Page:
"I don't want that to happen," Pittman said of Arkansas falling off. "I'm not talking about the firing part. I don't want to lose our coordinators. I do if they get head coaching jobs.

"But they've proven that they love the state. They love you [the fans], they love the players and therefore we're able to keep them."

Pittman thanked the fans who have donated to the program for helping Arkansas retain its coordinators.

"A lot that probably has something to do with some of y'all in the room [donating] financially, because you're not going to keep them patting them on the back," Pittman said. "You've got to come up with the money."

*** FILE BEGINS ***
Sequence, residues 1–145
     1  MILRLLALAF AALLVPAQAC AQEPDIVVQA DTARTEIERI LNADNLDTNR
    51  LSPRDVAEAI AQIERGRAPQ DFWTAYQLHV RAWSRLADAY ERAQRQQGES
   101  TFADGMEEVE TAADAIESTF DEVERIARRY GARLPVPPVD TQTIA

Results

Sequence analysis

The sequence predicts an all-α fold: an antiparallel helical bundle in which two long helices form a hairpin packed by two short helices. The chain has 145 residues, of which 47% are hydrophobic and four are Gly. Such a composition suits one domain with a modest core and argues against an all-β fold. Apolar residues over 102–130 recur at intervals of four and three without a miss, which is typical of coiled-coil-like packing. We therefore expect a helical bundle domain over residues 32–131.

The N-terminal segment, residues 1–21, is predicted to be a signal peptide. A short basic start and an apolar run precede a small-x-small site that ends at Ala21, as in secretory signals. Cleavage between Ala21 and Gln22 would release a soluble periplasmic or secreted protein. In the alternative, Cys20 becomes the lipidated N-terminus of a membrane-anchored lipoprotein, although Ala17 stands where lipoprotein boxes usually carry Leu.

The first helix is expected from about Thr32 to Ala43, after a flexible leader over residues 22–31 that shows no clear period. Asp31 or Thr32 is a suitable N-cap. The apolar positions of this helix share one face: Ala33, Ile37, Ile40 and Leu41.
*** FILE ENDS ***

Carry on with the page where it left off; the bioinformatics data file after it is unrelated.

The Razorbacks are ranked No. 19 in The Associated Press preseason poll, while Cincinnati is ranked No. 23 coming off a 13-1 season that ended with a 27-6 loss to Alabama in a College Football Playoff semifinal game.

Cincinnati, which plays in the American Athletic Conference but will move to the Big 12 for the 2023 season, became the first team from a non-Power 5 conference to make the playoff since it was established for the 2014 season.

Luke Fickell, going into his sixth season as Cincinnati's coach, has led the Bearcats to a 48-15 record, including 44-7 since 2018.

"The scary part about them is they're a lot like us," Pittman said. "They're a trying-to-earn respect football program."